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Montana Law Enforcement Get Training On Missing Indigenous Persons

Attorney General Tim Fox announces plans to hire a missing persons specialist, May 21, 2019.
Corin Cates-Carney
Montana Public Radio

More than 120 people, including members of state, tribal and local law enforcement, attended a public training in Helena Wednesday. The daylong training, organized by Montana’s Department of Justice and Montana’s U.S. attorney, highlighted situations when indigenous persons go missing.

Montana's law enforcement and lawmakers are turning more attention to the high rate at which indigenous persons in the state go missing and become victims of violence. Attorney General Tim Fox, who is running as a Republican for governor, spoke at the training session.

“We are here to listen," said Fox. “In the months ahead, it is my hope that with your recommendations, we'll be able to determine the scope of this issue, as well as create a better response to new missing person cases across Montana, and ultimately stop those folks from going missing.”

Bills passed by the 2019 Legislature are pushing the state to hire a missing persons specialist and form the Missing Indigenous Persons Task Force. That task force must report back to the Legislature with policy suggestions on improving investigations of missing persons by September 2020.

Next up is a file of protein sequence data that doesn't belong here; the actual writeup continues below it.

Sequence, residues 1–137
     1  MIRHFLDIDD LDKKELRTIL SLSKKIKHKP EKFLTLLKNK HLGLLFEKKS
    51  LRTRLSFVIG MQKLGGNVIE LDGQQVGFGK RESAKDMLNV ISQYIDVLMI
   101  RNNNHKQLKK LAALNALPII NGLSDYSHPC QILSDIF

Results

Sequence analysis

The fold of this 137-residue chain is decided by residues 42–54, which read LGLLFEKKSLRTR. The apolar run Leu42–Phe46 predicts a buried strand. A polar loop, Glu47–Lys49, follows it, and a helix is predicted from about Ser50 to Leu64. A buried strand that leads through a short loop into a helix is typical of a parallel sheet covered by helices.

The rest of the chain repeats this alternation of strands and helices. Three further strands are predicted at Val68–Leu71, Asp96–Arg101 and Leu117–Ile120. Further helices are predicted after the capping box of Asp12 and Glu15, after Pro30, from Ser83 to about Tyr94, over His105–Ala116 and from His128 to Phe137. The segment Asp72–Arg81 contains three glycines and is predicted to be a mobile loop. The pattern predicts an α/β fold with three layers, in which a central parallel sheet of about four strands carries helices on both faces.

Fox announced his office will be interviewing finalists for the state’s new specialist Thursday. The position was created through Hanna’s Act, a new state law created in remembrance of Hanna Harris, a Lame Deer woman murdered on the Northern Cheyenne Reservation in 2013.

During Wednesday’s training session, members of law enforcement and the general public were split up for panel discussions. The groups talked about what to do when a person goes missing, the steps involved in issuing public alerts and the link between missing persons and human trafficking.

Everyone came back together for a keynote speech from Hollie Mackey, a Northern Cheyenne who recently became an associate professor at the University of Oklahoma. Mackey wondered why it took so long for the state to address an issue already familiar to native communities.

“If it’s so important," she said. "If time is so important, and being aggressive is so important, and law is a byproduct of ethics, and ethics really are determined by our values; why is Hanna’s Act passed in 2019 when Hannah was killed in 2013?"

"That doesn’t communicate urgency to me. It actually makes me pretty angry.”

Yesterday marked the first meeting of the newly formed Missing Indigenous Persons Task Force. Along with studying the overall issue, the task force must also award one tribal college a grant for creating a missing Native Americans database.

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